Das Buch beschreibt wie das österreichische Mädchen Lena die Nazizeit erlebt.
Es werden viele Themen angesprochen, z.B. der Anschluß Österreichs, der Holocaust, Euthanasie, Bombenangriffe, Hitlerjugend u.v.m.
In post-World War II Austria, Gerti, a woman on the verge of a breakdown due to her husband's relentless sexual attentions, wanders away from home one day and is rescued by an ambitious young man who turns out to be much like her husband.
Here is the story of lives painfully intertwined. An unnamed narrator is haunted by nightmarish memories of her father and desperate for the attentions of her lover. Her only companion is the androgynous Malina with whom she lives, an initially remote and dispassionate man who ultimately becomes an ominous influence. Plunging towards its riveting finale, Malina lays bare the struggle for love and the limits of discourse between men and women.
"Fast, tense, thrilling -- and timely: this will happen one day. Highly recommended." --Lee Child, #1 New York Times bestselling author of the Jack Reacher series This is no accident. This is no act of God. This is Blackout. A terrifyingly plausible million-copy selling debut disaster thriller. When the lights go out one night, no one panics. Not yet. The lights always come back on soon, don't they? Surely it's a glitch, a storm, a malfunction. But something seems strange about this night. Across Europe, controllers watch in disbelief as electrical grids collapse. There is no power, anywhere. ... continue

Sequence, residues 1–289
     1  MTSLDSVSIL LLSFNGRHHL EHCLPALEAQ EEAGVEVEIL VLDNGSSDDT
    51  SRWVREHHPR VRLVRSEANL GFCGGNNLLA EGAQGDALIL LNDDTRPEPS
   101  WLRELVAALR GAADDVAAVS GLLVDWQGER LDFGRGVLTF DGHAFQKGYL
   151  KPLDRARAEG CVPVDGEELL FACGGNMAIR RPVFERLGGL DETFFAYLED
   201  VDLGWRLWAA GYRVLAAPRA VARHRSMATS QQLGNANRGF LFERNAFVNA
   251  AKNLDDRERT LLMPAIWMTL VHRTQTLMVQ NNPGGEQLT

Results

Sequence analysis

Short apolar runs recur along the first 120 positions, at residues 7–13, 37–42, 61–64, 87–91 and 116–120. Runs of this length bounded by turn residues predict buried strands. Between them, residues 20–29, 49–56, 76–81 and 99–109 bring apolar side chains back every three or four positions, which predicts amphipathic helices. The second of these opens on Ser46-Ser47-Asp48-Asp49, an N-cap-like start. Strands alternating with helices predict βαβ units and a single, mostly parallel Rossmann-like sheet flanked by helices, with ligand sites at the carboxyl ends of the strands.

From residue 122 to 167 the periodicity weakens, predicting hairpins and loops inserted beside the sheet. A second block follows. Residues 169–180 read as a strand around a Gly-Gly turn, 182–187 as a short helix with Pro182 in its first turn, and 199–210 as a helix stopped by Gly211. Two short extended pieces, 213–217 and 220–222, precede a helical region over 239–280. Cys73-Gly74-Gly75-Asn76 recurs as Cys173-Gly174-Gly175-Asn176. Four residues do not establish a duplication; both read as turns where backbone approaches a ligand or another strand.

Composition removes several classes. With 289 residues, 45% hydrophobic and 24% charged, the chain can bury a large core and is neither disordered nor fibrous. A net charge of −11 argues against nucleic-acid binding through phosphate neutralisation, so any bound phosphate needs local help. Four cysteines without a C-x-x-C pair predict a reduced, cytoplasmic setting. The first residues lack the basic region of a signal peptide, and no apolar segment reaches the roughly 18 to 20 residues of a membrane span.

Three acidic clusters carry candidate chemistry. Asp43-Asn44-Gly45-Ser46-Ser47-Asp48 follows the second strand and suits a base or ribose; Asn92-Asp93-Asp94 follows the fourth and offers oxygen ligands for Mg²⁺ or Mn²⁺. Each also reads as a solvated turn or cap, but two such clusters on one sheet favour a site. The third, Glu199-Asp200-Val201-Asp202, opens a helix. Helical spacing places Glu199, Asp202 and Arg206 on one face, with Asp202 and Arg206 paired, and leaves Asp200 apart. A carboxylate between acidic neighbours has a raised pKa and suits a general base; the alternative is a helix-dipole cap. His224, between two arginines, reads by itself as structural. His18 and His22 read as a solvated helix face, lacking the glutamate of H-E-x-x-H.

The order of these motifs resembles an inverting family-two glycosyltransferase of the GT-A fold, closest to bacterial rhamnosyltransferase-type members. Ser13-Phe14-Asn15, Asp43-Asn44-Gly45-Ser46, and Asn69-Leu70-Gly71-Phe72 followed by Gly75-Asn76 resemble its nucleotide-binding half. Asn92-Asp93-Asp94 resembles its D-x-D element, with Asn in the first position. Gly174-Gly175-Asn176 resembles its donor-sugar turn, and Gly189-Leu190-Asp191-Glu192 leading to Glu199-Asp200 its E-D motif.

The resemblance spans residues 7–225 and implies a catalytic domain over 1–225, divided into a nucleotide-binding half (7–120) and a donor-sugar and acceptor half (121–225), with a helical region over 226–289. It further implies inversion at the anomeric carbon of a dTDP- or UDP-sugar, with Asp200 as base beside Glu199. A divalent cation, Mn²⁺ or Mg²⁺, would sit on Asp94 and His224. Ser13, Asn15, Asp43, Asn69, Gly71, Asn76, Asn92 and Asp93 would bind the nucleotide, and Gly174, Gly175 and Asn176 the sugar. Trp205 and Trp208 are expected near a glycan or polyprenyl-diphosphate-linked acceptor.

The long-awaited translation of the classic oral history of Soviet women's experiences in the Second World War - from the winner of the Nobel Prize in Literature Bringing together dozens of voices in her distinctive style, The Unwomanly Face of War is Svetlana Alexievich's collection of stories from Soviet women who lived through the Second World War: on the front lines, on the home front, and in occupied territories. As Alexievich gives voice to women who are absent from official narratives - captains, sergeants, nurses, snipers, pilots - she shows us a new version of the war we're so familia... continue
This novel is a major literary discovery, and Odrach is drawing favorable comparisons with such eminent writers as Chekhov and Solzhenitsyn. Odrach wrote in Ukrainian, while living an exile's life in Toronto. This remarkable book is a microcosm of Soviet history, and Odrach provides a first-hand account of events during the Stalinist era that newsreels never covered. It has special value as a sensitive and realistic portrait of the times, while capturing the internal drama of the characters with psychological concision. Odrach creates a powerful and moving picture, and manages to show what lif... continue